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Long ‘s’ used on several notes

By Peter Huntoon

Reader Nick Bruyer brought the fact that he had acquired an ace on which a long “s” was used in the abbreviation for Massachusetts from The Shelburne Falls National Bank, charter 1144.

The archaic long s (Maſs) was used in the script postal location instead of Mass on this note from Holyoke, Mass.

The long s “ſ” — which looks like a lowercase f without the crossbar — is an archaic form of a lowercase s. It formerly was used where the letter s occurred in the beginning or middle of a word, such as “ſinfulneſs” for “sinfulness.” A double s in the middle of a word also was written with a long s followed by a short s, such as “Miſsiſsippi” for “Mississippi.”

The long s was derived from the old Roman lowercase s. It fell out of use in English and American professional printing well before the middle of the 19th century, although it lingered in handwriting into the second half of the century.

It appeared in the postal location written in script within the title block opposite to the plate date. He viewed it as an anomaly because the long s had ceased to be used in the printing trades before the National Bank Note era.

The long “s” found its way onto Massachusetts $50 and $100 notes, and even was used as late as the Series of 1882 as revealed by the Series of 1882 proof for this Amherst bank.

I was caught flatfooted by his observation. Frankly, I had seen long ſs go by on proofs from Massachusetts, but for some reason they didn’t cause a neuron to fire in my brain to alert me that this was a variety that deserved a bit of attention. This was especially bothersome because I pride myself on having meticulously documented the exact titles used on National Bank Notes from every issuing bank in the country.

Chagrinned, I immediately pulled up the scans of the aces from David Bowers collection that he had generously sent years ago to see if there were others. His collection was particularly rich in Massachusetts aces, which was no surprise because so many banks in the state used them. I found five with the Maſs abbreviation out of the 89 banks in his sample.

Obviously, they weren’t common, but the form was used occasionally on early nationals.

Detail from the 1-1-1-2 plate for The First National Bank of Amesbury, charter 393, showing the mixed use of “Maſs” and “Mass” between the $1 and $2 subjects.

I next pulled up the scans of the Bureau of Engraving and Printing proofs for Massachusetts available on the National Numismatic Collection website to determine if there was usage of the long s on denominations other than $1s. Also, I wanted to determine if it was used in the Series of 1882.

This search, although far from comprehensive, was rewarded with hits for all denominations except the $2, $5, $500 and $1,000 denominations. As for the $5s, no state or its abbreviation was ever used in the postal locations on those notes.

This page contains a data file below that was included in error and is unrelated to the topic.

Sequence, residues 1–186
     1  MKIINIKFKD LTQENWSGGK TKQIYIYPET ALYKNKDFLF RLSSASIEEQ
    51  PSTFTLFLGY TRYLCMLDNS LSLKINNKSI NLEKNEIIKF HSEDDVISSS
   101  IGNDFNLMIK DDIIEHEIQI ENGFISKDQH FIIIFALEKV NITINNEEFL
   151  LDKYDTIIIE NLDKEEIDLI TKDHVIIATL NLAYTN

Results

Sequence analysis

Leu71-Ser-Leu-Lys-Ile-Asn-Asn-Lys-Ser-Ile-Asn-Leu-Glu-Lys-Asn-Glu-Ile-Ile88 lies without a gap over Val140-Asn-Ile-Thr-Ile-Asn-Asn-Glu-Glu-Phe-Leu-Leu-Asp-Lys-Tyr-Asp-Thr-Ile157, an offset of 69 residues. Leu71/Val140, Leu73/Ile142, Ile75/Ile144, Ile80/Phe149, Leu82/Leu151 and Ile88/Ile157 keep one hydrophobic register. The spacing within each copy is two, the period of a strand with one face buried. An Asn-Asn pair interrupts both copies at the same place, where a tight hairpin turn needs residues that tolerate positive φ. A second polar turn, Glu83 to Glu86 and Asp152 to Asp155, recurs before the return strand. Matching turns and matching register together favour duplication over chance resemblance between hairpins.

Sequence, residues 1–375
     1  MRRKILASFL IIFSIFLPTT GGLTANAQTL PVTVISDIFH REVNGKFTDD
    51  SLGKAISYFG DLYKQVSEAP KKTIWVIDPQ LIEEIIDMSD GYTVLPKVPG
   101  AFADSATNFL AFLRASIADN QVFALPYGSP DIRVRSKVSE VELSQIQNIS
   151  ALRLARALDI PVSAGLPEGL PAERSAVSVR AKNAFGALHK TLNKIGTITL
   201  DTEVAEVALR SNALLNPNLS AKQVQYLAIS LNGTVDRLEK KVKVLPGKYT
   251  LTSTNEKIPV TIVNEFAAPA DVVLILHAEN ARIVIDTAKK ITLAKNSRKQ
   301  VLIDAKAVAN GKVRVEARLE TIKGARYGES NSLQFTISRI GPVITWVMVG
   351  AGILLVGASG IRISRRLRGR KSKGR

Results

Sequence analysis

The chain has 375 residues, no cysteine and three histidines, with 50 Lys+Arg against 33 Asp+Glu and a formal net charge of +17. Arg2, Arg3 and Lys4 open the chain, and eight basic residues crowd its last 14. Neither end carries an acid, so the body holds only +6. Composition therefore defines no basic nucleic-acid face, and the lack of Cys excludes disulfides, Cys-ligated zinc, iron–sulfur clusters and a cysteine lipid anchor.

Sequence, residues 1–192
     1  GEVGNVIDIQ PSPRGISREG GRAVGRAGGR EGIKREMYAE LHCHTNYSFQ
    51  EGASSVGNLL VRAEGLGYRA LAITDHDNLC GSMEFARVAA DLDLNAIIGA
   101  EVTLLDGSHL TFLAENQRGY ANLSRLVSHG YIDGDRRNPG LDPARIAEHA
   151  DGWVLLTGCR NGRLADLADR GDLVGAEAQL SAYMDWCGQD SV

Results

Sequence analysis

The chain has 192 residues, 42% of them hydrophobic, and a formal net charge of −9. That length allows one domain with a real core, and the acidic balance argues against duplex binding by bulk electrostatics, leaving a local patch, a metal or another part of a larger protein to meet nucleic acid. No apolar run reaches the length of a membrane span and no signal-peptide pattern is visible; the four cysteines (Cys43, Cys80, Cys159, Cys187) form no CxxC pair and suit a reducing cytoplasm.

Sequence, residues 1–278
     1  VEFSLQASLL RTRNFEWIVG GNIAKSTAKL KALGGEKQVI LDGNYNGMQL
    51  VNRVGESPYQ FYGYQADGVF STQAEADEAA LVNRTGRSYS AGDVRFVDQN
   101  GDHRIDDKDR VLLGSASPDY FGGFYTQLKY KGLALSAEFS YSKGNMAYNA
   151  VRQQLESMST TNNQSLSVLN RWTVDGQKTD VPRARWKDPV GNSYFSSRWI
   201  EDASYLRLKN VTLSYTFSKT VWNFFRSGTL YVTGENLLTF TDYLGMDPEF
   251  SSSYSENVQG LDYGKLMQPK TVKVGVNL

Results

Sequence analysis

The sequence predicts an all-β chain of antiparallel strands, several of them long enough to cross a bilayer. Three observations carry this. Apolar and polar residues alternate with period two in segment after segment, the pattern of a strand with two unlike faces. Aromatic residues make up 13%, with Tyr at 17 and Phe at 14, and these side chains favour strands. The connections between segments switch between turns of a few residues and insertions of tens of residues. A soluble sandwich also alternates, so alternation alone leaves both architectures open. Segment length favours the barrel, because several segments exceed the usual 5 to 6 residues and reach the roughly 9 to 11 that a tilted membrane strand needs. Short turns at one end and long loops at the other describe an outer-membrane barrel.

Of particular interest to me was that The Kidder National Gold Bank of Boston didn’t have the variety on any of the notes printed for it; specifically, $50, $100, $500 and $1,000 Original Series notes.

There were some very interesting situations lurking in the proofs.

“Mafs” was carried over from the Orig/1875 to the 1882 10-10-10-20 plate for this Northhampton bank because the same roll was used to lay-in the postal location on both.

The most interesting is that I never found a long s on a $2, even when they occurred on the $1s on the same plate.

The long s was used on the same plate combination on both the Orig/1875 and 1882 plates for some banks. In contrast, it occurred only on an Orig/1875 proof for others, followed by “Mass” on the 1882.

The big question is why was the obsolete form used at all. The answer probably is as simple as the fact that some people were still using the archaic form in their daily penmanship during the early National Bank Note era. I see plenty of examples in the Treasury ledger books from that era. Consequently, I suspect that the form that ended up on a given title block depended upon who wrote the plate orders or which engraver engraved the postal location on the dies used to make the plates.

“Maſs” was used on the Orig/1875 series whereas “Mass” appeared on the 1882 series 10-10-10-20 plates for this Springfield bank.

As for carryover to the Series of 1882 plates, in some case the roll used to lay-in the postal location on 1882 plates was the same as used to make the Orig/1875 plates. You can rest assured that the siderographers who laid in the plates could have cared less which form was used. Certainly no one inspecting the plates during the certification process was concerned either.

Massachusetts wasn’t the only state with a double s. There also was Missouri and Mississippi. I looked at the early proofs for those states as well, but didn’t find any with a long s abbreviation.

At least the Massachusetts collectors have these curiosities to collect.

As for me, the last thing in the world I ever expected to learn or worry about was an esoteric nuance like the origin and use of the long s in the English language. This is the wonder and benefit of collecting national bank notes. Mixing with people such as Nick Bruyer, who possess entirely different educations, interests and observational skills, opens such doors.

 

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